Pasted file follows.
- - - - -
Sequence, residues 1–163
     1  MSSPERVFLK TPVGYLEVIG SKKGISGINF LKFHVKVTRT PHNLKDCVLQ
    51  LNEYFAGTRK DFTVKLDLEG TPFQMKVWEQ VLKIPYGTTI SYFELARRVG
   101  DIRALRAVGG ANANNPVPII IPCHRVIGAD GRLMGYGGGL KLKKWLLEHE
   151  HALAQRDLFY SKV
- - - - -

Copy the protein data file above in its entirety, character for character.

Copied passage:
Sequence, residues 1–163
     1  MSSPERVFLK TPVGYLEVIG SKKGISGINF LKFHVKVTRT PHNLKDCVLQ
    51  LNEYFAGTRK DFTVKLDLEG TPFQMKVWEQ VLKIPYGTTI SYFELARRVG
   101  DIRALRAVGG ANANNPVPII IPCHRVIGAD GRLMGYGGGL KLKKWLLEHE
   151  HALAQRDLFY SKV